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The only thing that can complete a perfect pumpkin spice latte or a warm caramel apple martini is a good ol’ fashion horror flick. As a life-long devotee to horror movies — or anything Halloween related — October is somewhat of a month-long horror-binge-a-thon for myself (and anyone else I can drag along).

So to help spread the Halloween spirit — FrontDoor has featured a few of the most iconic horror movie homes.

Friday the 13th
OK, so it isn’t actually a “house” but it is the filming location for Friday The 13th, one of the most recognizable American horror franchises. Can anyone really think about camping without imagining Jason?

Amityville Horror
Interestingly, the terrifying “eye windows” that made The Amityville Horror so scary were removed after filming. I guess since this is an actual home that someone might actually need to sell — that may have been a smart move.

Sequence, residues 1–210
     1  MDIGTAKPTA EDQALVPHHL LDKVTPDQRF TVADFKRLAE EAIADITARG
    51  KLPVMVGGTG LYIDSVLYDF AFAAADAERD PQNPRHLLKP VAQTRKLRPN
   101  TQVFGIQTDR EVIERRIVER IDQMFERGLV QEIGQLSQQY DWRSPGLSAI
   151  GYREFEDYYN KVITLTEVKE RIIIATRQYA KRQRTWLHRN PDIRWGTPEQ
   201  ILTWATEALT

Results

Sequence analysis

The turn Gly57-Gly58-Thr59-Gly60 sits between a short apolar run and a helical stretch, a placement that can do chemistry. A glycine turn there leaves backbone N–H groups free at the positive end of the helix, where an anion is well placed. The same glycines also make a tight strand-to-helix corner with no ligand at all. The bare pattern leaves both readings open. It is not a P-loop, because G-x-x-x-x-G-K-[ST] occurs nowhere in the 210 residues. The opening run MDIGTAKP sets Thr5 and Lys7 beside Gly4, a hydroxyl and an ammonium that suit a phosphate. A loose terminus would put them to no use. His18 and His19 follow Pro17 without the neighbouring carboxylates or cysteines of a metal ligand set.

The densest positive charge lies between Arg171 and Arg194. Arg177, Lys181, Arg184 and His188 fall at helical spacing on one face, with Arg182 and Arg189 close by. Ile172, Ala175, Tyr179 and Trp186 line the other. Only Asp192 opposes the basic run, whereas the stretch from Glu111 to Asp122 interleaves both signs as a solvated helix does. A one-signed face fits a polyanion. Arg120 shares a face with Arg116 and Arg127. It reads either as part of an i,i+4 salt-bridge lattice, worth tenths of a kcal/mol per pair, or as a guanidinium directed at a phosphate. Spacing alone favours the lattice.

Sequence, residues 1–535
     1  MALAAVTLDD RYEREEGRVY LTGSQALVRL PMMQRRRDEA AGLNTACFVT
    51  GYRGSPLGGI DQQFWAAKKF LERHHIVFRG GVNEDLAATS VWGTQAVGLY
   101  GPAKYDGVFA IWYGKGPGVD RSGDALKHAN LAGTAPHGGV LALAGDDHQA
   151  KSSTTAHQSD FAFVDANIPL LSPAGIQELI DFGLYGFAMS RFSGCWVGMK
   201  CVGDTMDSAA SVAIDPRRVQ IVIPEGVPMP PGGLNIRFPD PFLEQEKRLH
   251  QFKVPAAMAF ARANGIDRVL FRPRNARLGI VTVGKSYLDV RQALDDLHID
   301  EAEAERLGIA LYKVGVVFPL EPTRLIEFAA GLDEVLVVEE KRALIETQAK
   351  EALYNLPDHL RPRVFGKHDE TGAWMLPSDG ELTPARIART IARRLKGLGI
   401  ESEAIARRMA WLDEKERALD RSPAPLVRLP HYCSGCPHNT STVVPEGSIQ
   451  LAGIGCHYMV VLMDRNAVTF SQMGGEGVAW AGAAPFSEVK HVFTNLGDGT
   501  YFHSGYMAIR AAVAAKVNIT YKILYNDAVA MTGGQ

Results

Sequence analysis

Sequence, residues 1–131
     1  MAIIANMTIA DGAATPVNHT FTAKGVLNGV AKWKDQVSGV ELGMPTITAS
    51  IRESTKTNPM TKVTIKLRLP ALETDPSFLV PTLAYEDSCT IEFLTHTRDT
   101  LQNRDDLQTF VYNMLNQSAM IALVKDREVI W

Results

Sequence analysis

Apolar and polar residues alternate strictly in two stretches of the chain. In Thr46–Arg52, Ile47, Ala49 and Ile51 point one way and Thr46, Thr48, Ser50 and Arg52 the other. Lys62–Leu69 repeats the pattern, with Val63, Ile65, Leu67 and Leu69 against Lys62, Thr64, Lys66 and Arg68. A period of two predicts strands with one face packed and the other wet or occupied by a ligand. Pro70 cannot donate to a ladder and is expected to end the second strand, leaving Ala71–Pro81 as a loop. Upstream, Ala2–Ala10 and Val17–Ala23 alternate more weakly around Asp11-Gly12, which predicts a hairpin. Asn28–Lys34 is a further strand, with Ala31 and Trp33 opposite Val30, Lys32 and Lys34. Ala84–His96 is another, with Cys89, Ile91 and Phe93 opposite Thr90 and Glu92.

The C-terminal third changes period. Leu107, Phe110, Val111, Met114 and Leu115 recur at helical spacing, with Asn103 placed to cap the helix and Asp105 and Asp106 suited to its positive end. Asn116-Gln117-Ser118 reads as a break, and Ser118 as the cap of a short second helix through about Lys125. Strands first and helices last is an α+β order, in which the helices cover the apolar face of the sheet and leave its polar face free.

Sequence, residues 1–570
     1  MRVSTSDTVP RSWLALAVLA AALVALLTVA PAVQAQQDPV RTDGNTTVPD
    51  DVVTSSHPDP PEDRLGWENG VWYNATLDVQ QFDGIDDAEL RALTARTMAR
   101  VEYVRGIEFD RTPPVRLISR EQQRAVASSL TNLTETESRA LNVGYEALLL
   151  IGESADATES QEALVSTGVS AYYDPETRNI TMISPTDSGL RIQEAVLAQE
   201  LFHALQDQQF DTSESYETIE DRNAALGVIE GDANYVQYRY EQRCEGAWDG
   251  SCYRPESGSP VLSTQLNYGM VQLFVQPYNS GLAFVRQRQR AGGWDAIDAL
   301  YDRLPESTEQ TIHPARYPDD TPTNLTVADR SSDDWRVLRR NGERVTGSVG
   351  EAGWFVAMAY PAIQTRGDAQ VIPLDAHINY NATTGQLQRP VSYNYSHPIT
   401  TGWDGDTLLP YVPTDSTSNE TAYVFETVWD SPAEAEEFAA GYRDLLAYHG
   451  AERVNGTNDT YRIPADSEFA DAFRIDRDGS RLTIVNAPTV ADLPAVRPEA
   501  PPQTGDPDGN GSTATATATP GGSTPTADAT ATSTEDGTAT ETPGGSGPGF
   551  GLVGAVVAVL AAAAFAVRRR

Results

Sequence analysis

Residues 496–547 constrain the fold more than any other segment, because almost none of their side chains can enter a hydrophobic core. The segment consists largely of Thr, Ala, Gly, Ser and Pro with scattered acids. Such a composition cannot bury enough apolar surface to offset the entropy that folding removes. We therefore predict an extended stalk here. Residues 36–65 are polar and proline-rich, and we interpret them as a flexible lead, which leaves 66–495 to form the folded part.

Texas Chainsaw Massacre
We all know the story of Leatherface — at least I do; he robbed me of about 40,000,000,000 hours of sleep. This was the home of the cannibalistic clan in the original Texas Chainsaw Massacre film. It was later relocated and opened as a restaurant. Eat at your own risk.

Rosemary's Baby
Recently remade as a television miniseries, Rosemary’s Baby was pretty terrifying when first released in 1968. Would you put up with it for such a beautiful New York City apartment? (Kidding)

The Shining House
Finally, The Shining. I still remember Jack Nicholson’s face popping through that bathroom door when I was just a little nugget. I think this may have sparked my love of the entire genre. I would definitely stay here — you know — if I skied.